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Philip Gammon

Previous Principal Pianist, The Royal Ballet

interviewed by David Bain

Bloomsbury Central Baptist Church,
London, 4 January 2012.

DAVID BAIN WELCOMED Philip who had last been our guest in July 2005 the week following his final rehearsal with the Royal Ballet. Philip began by wishing us Happy New Year and said it was wonderful to be back with us. This was his third visit to Ballet Association, the first having been in July 1980 at Swedenborg Hall. He said the last was very poignant but it was a wonderful send-off so soon after his retirement: it was unmatched even by the Royal Ballet and he was very grateful for all the lovely presents he’d been given. He recalled the date exactly as it was 6 July, the day before the terrible London bombings which had affected Bloomsbury where we met.

There followed a delightful programme of Philip playing music, interspersed with anecdotes, from some ballets of particular relevance to his career. He suggested he entertained us with what he had performed recently at the Sussex Opera and Ballet Association at the new Birley Centre in Eastbourne.

 Philip’s association with the work spanned 30 years and was central to his career with The Royal Ballet.

The first section was devoted to A Month in the Country. Philip’s association with the work spanned 30 years and was central to his career with The Royal Ballet. He then played the opening section, Chopin’s La ci darem variations on a theme from Mozart’s Don Giovanni written for piano and orchestra when Chopin was only 17 and still a student at Warsaw Conservatory. Philip said playing this was made doubly difficult as he played the solo piano part but also the orchestral interludes. He’d been privileged to play at all the rehearsals during Ashton’s creation of the work in 1976 and was then engaged as soloist and from its premiere until six years ago he had clocked up 253 performances of Month world wide plus a further three with Sylvie Guillem in Japan which weren’t part of the Royal Ballet performances.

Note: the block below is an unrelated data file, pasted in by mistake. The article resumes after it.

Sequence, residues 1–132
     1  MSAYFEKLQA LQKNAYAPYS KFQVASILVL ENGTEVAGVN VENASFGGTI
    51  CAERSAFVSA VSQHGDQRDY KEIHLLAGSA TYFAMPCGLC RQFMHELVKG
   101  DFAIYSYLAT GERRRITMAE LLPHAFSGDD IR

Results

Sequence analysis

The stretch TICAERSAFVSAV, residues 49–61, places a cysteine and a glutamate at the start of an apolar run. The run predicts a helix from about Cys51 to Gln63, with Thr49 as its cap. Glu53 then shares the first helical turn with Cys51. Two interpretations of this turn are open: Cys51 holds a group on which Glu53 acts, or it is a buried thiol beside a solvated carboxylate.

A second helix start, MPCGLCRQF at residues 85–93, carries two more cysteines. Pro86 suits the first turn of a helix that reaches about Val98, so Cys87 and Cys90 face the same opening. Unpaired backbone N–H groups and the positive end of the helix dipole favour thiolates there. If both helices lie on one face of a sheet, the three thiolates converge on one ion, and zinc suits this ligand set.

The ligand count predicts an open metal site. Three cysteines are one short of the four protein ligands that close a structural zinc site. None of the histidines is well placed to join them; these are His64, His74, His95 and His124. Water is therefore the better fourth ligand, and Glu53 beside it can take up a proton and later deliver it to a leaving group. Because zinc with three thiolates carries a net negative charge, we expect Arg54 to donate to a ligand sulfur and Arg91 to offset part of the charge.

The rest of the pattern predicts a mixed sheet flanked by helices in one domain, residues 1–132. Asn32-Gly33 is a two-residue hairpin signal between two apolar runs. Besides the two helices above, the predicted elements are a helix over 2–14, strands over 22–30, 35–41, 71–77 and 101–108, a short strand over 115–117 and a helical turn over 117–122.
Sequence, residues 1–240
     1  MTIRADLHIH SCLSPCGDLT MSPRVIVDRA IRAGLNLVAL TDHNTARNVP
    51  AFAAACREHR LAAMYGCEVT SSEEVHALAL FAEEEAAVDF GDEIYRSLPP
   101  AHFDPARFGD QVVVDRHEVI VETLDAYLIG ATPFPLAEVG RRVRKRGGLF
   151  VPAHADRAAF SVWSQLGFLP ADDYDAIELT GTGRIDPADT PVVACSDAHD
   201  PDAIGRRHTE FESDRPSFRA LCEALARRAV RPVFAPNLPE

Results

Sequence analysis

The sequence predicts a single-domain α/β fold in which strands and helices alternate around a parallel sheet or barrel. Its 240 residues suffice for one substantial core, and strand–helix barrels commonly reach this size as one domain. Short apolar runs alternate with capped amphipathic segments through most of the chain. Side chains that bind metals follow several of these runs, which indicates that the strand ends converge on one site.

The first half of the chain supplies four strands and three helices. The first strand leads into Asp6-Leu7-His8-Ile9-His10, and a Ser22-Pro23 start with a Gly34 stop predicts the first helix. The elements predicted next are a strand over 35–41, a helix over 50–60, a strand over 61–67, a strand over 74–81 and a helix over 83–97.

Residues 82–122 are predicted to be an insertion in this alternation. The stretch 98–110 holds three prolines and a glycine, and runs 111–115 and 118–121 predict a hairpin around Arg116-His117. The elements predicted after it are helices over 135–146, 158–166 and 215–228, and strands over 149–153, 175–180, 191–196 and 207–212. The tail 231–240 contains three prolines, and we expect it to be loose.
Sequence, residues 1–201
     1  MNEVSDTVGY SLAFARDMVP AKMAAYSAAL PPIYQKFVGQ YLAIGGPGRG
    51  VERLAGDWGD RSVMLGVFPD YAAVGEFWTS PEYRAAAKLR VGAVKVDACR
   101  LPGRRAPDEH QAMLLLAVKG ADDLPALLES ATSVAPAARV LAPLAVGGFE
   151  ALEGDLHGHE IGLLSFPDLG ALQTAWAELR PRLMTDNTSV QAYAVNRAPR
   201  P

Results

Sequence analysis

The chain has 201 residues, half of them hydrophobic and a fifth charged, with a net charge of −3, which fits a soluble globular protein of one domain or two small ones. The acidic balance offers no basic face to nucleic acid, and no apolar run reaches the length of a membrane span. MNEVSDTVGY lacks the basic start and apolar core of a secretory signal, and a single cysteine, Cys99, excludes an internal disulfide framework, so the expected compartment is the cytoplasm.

Touring brought a few surprises along the way. In Beijing in 1983 he unexpectedly had to rehearse the orchestra as the music director’s chauffeur driven car had broken down en route – luckily Philip was already in place courtesy of a hired push bike! Philip said it wasn’t easy negotiating the route with three million other cyclists who made sudden stops or turns with no warning. For the performances the only piano available was a small upright and the auditorium was huge but Philip found humour in the name of the maker on the instrument which was Tsing Hei! Another memorable moment was playing in the Shrine Auditorium in Los Angeles when a black key suddenly snapped off, an event unheard of, during a live performance. To make matters worse it was the most important note for the ending of the ballet when the central D flat key was vital. Somehow he’d fumbled his way through trying to play a note which was no longer there. The management of the Shrine had told him beforehand that the piano would be the best Baldwin in town – in the States this is the next best thing to a Steinway. After the interval he was due to play the Ravel piano concerto for La Fin du jour so it was imperative to repair the broken key. Eventually the stage crew came armed with tube of Superglue which did the trick, at least until the end of the Ravel! Two highlights of performing Month were the celebration of the Queen Mother’s 80th birthday when he also played for the world premiere of Rhapsody, another Ashton ballet, and then a visit to St Petersburg where he played with the Kirov Orchestra at the Maryinsky. This was a wonderful experience and Philip said he can still recall the violinists playing so passionately.